Wally Chappell had come to Hawaii a few years before and had directed a couple of shows for the Honolulu Theatre For Youth, “Story Theatre,” and his version of “Alice In Wonderland,” both of which were big hits and created a buzz in the local theatre community. He was then hired by HTY to be its new artistic director. I wasn’t in either of those first two shows of his, but I acted for him in several shows that followed, “A Christmas Carol,” “Hamlet,” with Randall Duk Kim as Hamlet, and “Dr. Faustus,” to name three. As good a director as Wally was, though, it was another aspect of him that had a bigger, and more lasting impact on me.
In his tenure as artistic director of HTY, Wally was secure enough to bring to Hawaii top-rank theatre artists to work with HTY, and through HTY, other companies as well. One of the first that Wally brought to Hawaii was Randall Duk Kim. He was a local boy that had made it big in theatre on the mainland. I had met him when he was playing Richard lll at ACT in San Francisco, one of the biggest regional theatres in the U.S. Randy had come back to do his first Hamlet, and I was to be Horatio. To work with an actor of that calibre, and a local boy at that, and to do well, I thought, made a huge impression on me. And when Randy asked me when I was coming to New York, that was the first time that that thought was put into my head.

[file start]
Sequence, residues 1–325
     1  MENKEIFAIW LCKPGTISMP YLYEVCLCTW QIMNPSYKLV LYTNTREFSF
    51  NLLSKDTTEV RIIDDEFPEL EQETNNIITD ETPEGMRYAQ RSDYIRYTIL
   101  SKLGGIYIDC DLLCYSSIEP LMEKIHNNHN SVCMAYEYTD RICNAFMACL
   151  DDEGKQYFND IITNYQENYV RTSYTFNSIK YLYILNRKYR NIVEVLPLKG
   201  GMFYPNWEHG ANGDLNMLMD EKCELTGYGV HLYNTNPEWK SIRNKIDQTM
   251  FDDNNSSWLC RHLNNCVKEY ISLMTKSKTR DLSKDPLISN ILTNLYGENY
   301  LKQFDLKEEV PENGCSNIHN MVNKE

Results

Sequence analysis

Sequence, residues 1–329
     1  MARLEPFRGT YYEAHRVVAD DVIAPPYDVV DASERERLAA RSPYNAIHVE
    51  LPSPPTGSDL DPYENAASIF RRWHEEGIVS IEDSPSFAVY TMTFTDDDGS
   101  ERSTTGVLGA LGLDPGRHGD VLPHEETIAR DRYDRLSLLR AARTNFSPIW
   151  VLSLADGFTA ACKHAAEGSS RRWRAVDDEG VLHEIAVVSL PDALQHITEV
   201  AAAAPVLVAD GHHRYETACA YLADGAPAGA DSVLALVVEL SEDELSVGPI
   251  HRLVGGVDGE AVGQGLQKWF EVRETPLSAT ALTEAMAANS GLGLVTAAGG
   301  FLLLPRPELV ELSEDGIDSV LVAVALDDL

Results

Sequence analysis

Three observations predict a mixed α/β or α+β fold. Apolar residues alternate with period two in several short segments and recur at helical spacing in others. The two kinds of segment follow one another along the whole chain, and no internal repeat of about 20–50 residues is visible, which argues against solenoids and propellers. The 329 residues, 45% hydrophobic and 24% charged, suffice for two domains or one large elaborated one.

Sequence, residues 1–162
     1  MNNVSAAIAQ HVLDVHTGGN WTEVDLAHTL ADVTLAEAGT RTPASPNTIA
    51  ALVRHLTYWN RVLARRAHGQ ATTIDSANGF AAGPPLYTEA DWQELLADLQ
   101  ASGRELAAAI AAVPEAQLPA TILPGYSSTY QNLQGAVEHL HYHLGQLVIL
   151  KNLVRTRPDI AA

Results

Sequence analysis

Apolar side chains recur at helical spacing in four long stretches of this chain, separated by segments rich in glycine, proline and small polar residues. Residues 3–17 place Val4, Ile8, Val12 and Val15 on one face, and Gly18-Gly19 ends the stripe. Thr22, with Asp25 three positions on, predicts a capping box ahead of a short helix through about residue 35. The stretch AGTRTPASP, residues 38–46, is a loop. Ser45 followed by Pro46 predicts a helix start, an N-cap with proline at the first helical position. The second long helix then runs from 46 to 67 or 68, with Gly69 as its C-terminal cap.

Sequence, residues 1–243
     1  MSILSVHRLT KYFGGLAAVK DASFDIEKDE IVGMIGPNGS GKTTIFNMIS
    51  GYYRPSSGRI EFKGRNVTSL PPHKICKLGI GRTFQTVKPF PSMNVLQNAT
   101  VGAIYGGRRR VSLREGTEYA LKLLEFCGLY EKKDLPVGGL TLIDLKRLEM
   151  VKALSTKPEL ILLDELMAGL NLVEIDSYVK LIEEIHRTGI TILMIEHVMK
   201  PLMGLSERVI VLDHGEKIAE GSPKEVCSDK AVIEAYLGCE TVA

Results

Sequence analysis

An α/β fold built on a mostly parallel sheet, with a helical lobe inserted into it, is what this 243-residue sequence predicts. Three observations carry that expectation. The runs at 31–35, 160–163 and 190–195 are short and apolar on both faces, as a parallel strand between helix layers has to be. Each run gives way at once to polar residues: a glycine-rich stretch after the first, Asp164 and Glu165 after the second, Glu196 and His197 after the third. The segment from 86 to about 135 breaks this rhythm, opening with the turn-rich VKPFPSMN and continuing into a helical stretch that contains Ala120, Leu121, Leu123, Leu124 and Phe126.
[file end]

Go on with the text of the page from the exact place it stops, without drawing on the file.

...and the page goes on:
Wally brought Kristin Linklater to Hawaii for a three week voice workshop with some of Honolulu’s leading performers. Based on her book,”Freeing The Natural Voice,” the workshop was three weeks of hard, deep work to free up our bodies and minds, which had, over the years, essentially blocked us from using our natural voices, that free, clear, open voice that can express all that we think and feel. I learned enough from that workshop to give me a boost in confidence that, two years later, would help me to leave Hawaii for an acting job at the Alliance Theatre in Atlanta, GA.
That job offer was from Wally Chappell, who had become the new Associate Director at the Alliance. That was 1978. Then, in 1979, Wally asked me to be his assistant director on, as well as act in, the “Othello” he would direct at the Alliance, starring Paul Winfield as Othello and Richard Dreyfus as Iago. That assistant directing position didn’t entail much directing or assisting except helping Paul with his lines, and the acting was mostly understudying Richard. Great to work with those two, though. Soon after that I left for New York, and soon after that, Wally called me and offered me a job directing two shows at The Loretto Hilton Theatre(now St. Louis Rep) in St. Louis, MO, where he had become the artistic director. That was my first professional directing job, and directly because of that, Tisa Chang, AD of Pan Asian Rep in NYC, asked me to direct something for them, and so my directing career began. I owe a lot to Wally, he’s been a big influence in my life, and a mentor, too, I think, but best of all, he’s been a good friend. Sometimes it’s not about who you know, it’s about who knows you. Mahalo, Wally.